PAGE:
Philip Burke - Table of Contents Burchfield Penney Art Center - Table of Contents
Philip Burke: "The Likeness of Being" - A Sampling
On display at the Burchfield Penney Art Center at Buffalo State College
1300 Elmwood Avenue, Buffalo, NY
April 10-September 13, 2015
Burchfield Penney Art Center - Official Home Page
Click on illustration for larger size ... Three details below:
Click on illustration for larger size ... Two details below:
Burchfield Penney Art Center (online October 2022)
Philip Burke is an American illustrator born in Tonawanda, N.Y. in 1956. By the age of 15, as a student at Calasanctius Preparatory School, he was doodling and beginning to draw. As he puts it, “When I was a teen, I wanted to be a rock star, but I couldn’t play any instruments and I was too shy to sing. So, I put my dream into painting and drawing rock stars.”  In 1974, while attending the University of Toronto, he contributed caricatures to the student paper. Though he had no formal art training, his early influences included David Levine and Ralph Steadman. After two years of college, Burke relocated to New York City, where he soon started drawing illustrations for the Village Voice and other publications. By 1982 he had transitioned from pen and ink to oil paints and working on a large scale. A multi-year exclusive contract with Vanity Fair enabled the artist to return home to Buffalo, where he married and started a family.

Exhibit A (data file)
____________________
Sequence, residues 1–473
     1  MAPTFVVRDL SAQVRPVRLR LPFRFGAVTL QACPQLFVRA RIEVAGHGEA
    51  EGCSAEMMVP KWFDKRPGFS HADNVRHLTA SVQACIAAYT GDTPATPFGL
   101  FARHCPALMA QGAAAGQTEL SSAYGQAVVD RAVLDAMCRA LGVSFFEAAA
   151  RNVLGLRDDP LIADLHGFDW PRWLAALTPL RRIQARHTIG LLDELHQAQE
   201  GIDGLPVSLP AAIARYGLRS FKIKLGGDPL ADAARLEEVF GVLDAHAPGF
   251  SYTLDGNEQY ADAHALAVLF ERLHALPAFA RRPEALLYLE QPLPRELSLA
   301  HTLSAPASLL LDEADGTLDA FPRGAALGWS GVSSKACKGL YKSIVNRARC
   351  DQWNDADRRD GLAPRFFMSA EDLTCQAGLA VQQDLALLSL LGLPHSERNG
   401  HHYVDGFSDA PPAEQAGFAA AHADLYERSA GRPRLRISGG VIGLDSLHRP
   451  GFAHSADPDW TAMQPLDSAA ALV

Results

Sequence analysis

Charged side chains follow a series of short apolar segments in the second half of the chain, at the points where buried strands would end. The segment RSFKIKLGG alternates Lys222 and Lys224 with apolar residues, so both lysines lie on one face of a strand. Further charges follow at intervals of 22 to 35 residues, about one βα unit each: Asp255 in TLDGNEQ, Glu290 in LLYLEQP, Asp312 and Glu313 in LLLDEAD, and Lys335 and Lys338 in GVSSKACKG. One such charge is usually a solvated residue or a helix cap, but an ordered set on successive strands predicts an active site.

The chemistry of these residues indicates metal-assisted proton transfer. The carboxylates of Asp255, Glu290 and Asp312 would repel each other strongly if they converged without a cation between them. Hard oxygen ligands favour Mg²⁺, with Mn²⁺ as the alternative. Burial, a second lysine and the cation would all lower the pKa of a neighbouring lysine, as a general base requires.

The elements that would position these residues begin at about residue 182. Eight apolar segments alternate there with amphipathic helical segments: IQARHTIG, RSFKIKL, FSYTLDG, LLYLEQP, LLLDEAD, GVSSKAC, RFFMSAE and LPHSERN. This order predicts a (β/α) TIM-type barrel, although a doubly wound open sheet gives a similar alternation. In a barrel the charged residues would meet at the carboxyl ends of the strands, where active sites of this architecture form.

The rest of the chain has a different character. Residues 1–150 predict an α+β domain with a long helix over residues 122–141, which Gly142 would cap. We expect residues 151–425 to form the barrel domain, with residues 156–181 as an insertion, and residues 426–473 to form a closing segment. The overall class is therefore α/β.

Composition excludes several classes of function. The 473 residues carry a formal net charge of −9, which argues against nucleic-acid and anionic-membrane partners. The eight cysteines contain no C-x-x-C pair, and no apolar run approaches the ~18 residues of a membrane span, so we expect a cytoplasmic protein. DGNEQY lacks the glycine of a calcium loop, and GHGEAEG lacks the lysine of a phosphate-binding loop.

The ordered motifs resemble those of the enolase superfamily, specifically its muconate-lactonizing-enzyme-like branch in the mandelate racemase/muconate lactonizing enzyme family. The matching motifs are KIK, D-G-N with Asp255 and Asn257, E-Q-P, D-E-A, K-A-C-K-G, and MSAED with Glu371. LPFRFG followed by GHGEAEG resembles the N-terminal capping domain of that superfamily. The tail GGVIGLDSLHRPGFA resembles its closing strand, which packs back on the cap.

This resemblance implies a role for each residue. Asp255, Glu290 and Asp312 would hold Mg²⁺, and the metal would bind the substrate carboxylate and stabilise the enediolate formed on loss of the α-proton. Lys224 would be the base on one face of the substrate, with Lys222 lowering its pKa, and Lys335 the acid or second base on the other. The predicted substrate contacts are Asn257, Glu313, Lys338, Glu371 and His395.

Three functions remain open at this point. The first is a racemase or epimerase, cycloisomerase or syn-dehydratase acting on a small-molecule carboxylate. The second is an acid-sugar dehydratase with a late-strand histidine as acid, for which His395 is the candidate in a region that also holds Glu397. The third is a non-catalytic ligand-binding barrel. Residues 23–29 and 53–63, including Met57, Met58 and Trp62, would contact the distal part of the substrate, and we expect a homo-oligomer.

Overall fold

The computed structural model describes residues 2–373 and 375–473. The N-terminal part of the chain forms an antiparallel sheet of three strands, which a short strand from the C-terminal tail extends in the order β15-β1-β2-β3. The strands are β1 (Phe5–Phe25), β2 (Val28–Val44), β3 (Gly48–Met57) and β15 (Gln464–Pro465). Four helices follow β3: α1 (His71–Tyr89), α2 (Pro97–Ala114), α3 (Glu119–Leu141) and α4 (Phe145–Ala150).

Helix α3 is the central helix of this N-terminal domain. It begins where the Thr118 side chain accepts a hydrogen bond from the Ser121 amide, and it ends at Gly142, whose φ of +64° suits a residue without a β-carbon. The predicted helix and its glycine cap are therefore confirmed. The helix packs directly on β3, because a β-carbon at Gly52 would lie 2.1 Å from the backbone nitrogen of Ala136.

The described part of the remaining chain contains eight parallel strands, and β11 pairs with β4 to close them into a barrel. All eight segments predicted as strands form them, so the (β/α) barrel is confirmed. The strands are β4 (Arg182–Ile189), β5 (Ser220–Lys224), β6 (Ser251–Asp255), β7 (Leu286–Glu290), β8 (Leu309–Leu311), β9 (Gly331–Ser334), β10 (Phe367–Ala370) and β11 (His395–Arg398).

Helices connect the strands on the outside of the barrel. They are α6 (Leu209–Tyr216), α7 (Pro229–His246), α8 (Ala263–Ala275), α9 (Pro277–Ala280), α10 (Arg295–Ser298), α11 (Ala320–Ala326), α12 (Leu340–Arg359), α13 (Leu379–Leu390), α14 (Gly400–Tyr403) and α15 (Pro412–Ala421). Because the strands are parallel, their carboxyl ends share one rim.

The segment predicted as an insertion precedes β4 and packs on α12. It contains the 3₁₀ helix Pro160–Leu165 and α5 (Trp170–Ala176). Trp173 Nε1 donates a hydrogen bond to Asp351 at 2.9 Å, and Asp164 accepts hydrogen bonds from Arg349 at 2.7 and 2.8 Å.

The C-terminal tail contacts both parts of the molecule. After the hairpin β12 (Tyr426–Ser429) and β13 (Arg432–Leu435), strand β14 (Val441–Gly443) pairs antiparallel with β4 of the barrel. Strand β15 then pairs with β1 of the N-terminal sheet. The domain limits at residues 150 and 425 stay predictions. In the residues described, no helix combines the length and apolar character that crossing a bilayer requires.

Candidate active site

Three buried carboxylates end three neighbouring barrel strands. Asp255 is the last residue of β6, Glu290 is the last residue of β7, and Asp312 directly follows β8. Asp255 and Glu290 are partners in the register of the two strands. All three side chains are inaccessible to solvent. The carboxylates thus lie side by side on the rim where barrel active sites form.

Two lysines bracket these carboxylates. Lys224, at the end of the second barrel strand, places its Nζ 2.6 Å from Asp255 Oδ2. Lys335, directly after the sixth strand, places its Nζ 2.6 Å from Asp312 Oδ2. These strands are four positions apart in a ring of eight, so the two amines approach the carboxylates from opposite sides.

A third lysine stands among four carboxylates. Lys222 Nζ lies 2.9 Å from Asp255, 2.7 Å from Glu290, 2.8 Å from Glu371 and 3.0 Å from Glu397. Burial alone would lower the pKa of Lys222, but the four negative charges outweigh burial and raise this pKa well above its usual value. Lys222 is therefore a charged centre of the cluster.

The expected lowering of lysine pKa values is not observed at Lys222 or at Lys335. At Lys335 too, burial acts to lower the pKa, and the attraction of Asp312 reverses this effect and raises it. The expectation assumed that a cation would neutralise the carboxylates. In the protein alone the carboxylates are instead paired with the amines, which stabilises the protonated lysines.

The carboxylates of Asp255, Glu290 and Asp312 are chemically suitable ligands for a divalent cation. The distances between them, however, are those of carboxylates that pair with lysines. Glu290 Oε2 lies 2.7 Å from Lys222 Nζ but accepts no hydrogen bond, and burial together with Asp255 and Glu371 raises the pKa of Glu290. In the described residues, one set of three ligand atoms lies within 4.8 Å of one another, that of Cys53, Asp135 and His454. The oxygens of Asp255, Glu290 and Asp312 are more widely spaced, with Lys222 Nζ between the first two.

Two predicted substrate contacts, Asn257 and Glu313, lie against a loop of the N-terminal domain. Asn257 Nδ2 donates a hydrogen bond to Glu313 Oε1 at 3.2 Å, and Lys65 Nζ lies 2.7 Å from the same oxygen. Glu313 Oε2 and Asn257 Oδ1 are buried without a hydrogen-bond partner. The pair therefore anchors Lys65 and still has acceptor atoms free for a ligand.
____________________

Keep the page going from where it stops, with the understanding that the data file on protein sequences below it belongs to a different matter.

In successive years, Burke became a featured artist at Rolling Stone (1989-96) and his work appeared in such publications as Time, Newsweek, the New Yorker, GQ, Sports Illustrated, the New York Times, and Slate, among many others. His artwork has been seen in several books, including The Savage Mirror (1993) and Rolling Stone: The Illustrated Portraits (2000), and in a touring Rock & Roll Hall of Fame exhibition. Burke is best known for portraits of musicians and politicians. His primary subject is the human figure, its features warped and exaggerated and its surface saturated with intense expressionist color to suggest complex psychological states. On several occasions, the artist has staged “live paintings” in which he creates new works or embellishes existing canvases in front of an audience.